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Teacher resorts to crowdsourcing to make sure classroom is fully stocked

Lauren Stearns, a first-grade teacher at Wakefield Elementary in Little Rock, has taken to online-fundraising to make sure she has the money to keep her classroom stocked with supplies. (Photo: KATV)

With the start of the school year just weeks away, a Little Rock elementary school teacher has taken to online fundraising to help ease the burn on her own wallet when it comes to making sure her students have everything they need for class.

Lauren Stearns, a first grade teacher at Wakefield Elementary School, has taught at the southwest Little Rock school for the last four years. The majority of students at Wakefield - 98% of them - qualify for free and reduced lunch, according to Stearns.

"You don't want them to miss out on anything," said Stearns. "So we do kind of feel an obligation to make sure that we are there for that student when resources may not be there."

Arkansas state law requires school districts to reimburse teachers up to $20 per student, up to $500, on purchases teachers personally make for their students. Stearns said the district's reimbursement money is certainly helpful, but said during her first year of teaching she spent $2,000 of her own money to make sure her students had the basic necessities, in addition to engaging activities, games and books to help enhance their learning experience.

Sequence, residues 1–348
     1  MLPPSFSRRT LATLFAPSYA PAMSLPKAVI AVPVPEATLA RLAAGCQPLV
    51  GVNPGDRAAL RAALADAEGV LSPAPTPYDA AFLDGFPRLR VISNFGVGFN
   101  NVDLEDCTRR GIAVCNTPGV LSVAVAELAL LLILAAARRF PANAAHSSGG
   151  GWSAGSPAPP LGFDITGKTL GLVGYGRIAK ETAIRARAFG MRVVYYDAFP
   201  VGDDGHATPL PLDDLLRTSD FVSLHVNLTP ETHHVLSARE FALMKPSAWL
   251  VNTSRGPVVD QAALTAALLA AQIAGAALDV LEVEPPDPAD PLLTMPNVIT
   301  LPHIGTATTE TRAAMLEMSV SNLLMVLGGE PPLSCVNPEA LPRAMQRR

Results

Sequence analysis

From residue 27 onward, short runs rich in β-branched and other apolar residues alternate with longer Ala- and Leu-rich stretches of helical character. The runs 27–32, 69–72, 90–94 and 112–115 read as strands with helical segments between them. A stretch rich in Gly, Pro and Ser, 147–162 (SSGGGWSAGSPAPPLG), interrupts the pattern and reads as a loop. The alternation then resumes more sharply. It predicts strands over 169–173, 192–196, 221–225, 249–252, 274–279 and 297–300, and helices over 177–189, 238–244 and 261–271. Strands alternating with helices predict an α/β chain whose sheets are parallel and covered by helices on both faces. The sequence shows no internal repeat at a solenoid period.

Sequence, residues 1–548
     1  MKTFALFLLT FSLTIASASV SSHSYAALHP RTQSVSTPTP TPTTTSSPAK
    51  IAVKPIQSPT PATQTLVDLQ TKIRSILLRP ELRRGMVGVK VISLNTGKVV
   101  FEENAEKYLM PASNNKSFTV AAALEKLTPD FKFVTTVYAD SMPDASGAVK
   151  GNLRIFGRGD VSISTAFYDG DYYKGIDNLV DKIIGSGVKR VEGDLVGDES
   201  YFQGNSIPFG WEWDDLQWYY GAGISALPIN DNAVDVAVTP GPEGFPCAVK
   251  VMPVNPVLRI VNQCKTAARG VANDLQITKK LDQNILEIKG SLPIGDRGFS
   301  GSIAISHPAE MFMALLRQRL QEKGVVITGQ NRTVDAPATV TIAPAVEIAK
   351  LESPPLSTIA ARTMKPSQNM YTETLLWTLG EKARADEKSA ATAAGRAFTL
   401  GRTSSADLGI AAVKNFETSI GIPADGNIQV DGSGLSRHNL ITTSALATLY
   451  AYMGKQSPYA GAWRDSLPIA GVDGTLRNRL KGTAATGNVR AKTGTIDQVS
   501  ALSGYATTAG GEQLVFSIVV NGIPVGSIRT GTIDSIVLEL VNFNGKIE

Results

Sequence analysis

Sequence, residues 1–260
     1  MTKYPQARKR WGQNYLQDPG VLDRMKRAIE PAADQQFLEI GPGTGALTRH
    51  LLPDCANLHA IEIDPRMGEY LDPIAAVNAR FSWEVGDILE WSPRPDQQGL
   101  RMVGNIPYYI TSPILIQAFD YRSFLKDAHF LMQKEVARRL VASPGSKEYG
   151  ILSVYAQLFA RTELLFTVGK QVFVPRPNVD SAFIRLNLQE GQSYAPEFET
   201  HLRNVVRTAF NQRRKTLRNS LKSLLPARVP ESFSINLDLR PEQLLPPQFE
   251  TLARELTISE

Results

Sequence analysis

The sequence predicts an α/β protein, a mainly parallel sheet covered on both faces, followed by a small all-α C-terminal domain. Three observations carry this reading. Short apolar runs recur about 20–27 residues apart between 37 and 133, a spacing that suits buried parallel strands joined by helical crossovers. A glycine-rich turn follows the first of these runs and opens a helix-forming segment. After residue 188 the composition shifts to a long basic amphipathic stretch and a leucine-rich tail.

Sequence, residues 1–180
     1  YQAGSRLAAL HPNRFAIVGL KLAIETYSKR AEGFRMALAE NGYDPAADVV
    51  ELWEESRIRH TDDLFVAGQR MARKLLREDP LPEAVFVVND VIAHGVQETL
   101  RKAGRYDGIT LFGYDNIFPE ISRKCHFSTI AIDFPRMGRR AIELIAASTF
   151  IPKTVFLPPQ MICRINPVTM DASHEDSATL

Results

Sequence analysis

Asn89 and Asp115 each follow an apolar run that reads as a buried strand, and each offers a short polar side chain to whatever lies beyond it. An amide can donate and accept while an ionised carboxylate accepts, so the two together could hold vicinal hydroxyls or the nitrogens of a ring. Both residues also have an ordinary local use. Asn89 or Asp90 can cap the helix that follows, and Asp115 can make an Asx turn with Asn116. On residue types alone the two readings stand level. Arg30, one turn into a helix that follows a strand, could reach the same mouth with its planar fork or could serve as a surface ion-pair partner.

It's why Stearns created a GoFundMe campaign - "Lauren's Classroom Fund" - to help her in ensuring her students will have ample supplies.

"As a single woman, it makes it hard on one income - you have to kind of get creative to get those means," commented Stearns.

Michael Poore, superintendent for the Little Rock School District, acknowledged that teachers are often reaching into their own pockets to make sure students get what the quality education they deserve. At the same rate, Poore was sure to mention the district's Bright Futures initiative - a program that utilizes Facebook to get in touch with potential donors and notify them about the potential needs of families that may not be able to provide everything their child needs for school.

"This began last year," said Poore of the Bright Futures program. "It's still kind of in its infancy stages. We hope that'll have a bigger impact in terms of supporting both teachers and students in this coming year."

For more information on LRSD's Bright Futures program, you can click here.


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